100110-demian-pig-trotter-4When I pulled the trotters out both recipes were sufficiently ‘wobbly’ as Fergus had instructed to look for.  The ‘trotter gear’ pan is on the left and my variation is on the right.  I then gave them a little while to rest and cool down before I set to processing them.

The first thing you will notice when working with trotters is that pigs feet have a LOT of little bones.  I guess this is common to most all feet but rarely do I come this up-close-and-personal to pedal anatomy.  So it is completely understandable if this takes a moment to get used to.  Maybe it might help if you try to picture it like a kind of pig ‘Jell-o salad’  or something.  You know the kind your grandmother makes where it sits there in a big jiggly lump but the inside is full of hard chunks of apple and un-ripe pear. Only this is pig goo with bones in it.  Doesn’t help?  Oh well.  But, hey, bones are bones.  You’ll deal.  Once you get into it the fleshy bits fall apart very easily and the work goes pretty quickly.

100110-demian-pig-trotter-5Processing each recipe involved separating out the components.  In the above photo the ‘trotter gear’ recipe runs along the bottom and my variation runs across the top.  The pig goo is on the left, Braised vegetables are in the middle and bones, etc. are in the container on the right.  The bones, of course, get chucked.  The vegetables, while having done their duty could always get used somehow.  Maybe blitz them for addition to a soup or as a sauce to accompany pork chops?  Up to you.  But the stuff on the left is the main product that we are after.

And the verdict?  Upon tasting I must say that Fergus Henderson’s ‘trotter gear’ is very very good.  Seriously good.  This is super-condensed deliciousness.  It will make you love pork.  If you already love pork, it will make you love it more.  It will open your eyes to the big wide porky world out there that goes largely unexplored beyond the overcrowded bacon land.  Fergus is correct in that a dollop of this added to stews or meat pie filling will enhance the flavor exponentially.  Truly a winner.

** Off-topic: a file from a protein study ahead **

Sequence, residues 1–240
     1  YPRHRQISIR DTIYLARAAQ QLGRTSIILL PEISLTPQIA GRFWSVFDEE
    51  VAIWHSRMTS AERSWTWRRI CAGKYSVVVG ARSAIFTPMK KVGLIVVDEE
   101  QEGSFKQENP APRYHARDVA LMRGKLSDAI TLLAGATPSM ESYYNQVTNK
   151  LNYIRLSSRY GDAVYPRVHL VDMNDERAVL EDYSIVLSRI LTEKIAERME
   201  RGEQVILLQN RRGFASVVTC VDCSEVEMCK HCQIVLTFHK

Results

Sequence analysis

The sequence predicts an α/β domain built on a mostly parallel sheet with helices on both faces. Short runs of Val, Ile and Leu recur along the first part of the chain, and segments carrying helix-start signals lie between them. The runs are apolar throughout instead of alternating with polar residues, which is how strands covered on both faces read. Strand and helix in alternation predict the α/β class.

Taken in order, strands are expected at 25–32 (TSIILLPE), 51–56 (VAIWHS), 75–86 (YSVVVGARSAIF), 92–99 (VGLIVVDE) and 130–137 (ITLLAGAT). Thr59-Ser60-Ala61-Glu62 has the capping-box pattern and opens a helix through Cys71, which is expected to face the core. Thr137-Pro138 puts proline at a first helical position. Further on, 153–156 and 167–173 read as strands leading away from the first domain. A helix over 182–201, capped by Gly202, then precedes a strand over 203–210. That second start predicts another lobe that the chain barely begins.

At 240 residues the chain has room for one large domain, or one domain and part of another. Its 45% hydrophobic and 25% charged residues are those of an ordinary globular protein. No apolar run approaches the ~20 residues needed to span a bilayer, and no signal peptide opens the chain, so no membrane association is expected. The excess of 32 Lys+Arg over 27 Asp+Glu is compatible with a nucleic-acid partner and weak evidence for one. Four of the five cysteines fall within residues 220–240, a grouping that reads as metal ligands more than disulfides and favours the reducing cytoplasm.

My variation was also very good.  Although a bit different.  The change in alcohol brought a very ‘wine-y’ character to this recipe.  In a nice ‘coq au vin’ sort of way.  But the wine may give it almost too much personality in that direction.  Added to a recipe, it might muddle the taste of any dish that was not already wine-based.  Whereas the Madeira lends a lovely sweetness to the pork but otherwise stands back and allows the pig to do the taste-talking.  I also think that the addition of the prunes was not assertive enough in that it did not end up tasting very sweet.  I might try my variation again but this time either with port in place of wine or with many more prunes.  Or maybe apples?  Grapes might be interesting too. 

The possibilities are endless.  As are the possibilities for the use of Fergus Henderson’s ‘trotter gear’ in your cooking life.  So get to it.  Don’t be afraid.  People have been using this stuff in their cooking for thousands of years.  Go chat up your butcher.  Buy a few trotters. And reconnect with humanity’s long tradition of flavor.